Colonists and Indians Fight for Mutual Interests on the American Frontier
Since the settling of the English colonies in the early 17th century, pioneers have been destined to expand into the North American frontier and to domesticate it with their Christian faith and progressive nature. In their exploration of the frontier, however, the Puritan colonists often encountered Indians whose savagery challenged their discipline and morals. Just as the colonists expanded, Indians also saw their native lands of many years vanish. The situation naturally compelled the Puritans and the Indians to fight each other for their mutual interests. Thus, while most accounts of Western history focus on the heathen threat, both Indians and colonists experienced the harshness of the captivity myth and its evolution into other mythology that defined American history.
Any discussion of the American culture and its development has to include mythology, because that is where most of the information about early America is found. Mythology is a unique source in that it gives a shared understanding that people have with regard to some aspect of their world. The most important experience for American frontiersmen is the challenge to the “myth of the frontier” that they believed in – “the conception of America as a wide-open land of unlimited opportunity for the strong, ambitious, self-reliant individual to thrust his way to the top.” (Slotkin, 5) In particular, the challenge came from Indians and from the wilderness that they inhabited.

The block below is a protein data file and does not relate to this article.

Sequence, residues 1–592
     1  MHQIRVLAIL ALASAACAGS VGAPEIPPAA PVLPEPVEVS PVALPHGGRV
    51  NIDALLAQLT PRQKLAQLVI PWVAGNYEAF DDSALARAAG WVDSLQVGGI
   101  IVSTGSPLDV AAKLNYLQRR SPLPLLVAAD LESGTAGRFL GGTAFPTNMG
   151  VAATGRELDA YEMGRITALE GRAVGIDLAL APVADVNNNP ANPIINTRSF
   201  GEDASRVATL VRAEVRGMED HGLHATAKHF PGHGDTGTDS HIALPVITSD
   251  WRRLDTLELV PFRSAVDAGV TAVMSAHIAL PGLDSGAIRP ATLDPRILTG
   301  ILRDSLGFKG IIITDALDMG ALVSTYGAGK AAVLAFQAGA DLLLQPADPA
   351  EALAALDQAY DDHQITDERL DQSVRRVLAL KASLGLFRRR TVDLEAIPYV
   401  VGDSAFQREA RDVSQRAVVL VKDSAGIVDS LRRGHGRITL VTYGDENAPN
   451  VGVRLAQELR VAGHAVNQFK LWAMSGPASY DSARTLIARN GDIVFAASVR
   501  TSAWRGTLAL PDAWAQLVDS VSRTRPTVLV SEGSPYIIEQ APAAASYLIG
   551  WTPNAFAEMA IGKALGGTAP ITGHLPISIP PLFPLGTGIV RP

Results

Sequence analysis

The colonists who first arrived in America came to this land because they saw an opportunity to regenerate their religion and to live according to it without subjugation. The immense size of the land suggested the myth of the frontier, and the progressive nature of the colonists compelled them to conquer it. This ambition is evident in the pioneers in D.W. Griffith’s 1914 “The Battle at Elderbrush Gulch.” In the film, a group of pioneers encounters two Indians who have captured two of the pioneers’ dogs for food. The Indians are shown beforehand dancing and performing pagan, and perhaps Faustian rituals, as they prepare to eat dog meat. Griffith’s portrayal of the Indians suggests their savage, non-Puritan nature, and thus when the pioneer men see two Indians carrying their dogs away, both groups fight and the son of the Indian chief is killed. Confrontations of this type appear throughout the history of the frontier myth, and they ultimately lead to fighting between the pioneering Puritans and the red Indians.
In Griffith’s film, the pioneers have a difficult time fighting the Indians, who ride in on horses and are armed with hatchets and other crude weaponry. That is because the pioneers use slow firing guns to face the large number of Indians, who strike quickly and forcefully. In the midst of the fight, the notion of captivity arises when the baby of a white woman is capture. The woman prays to God that her...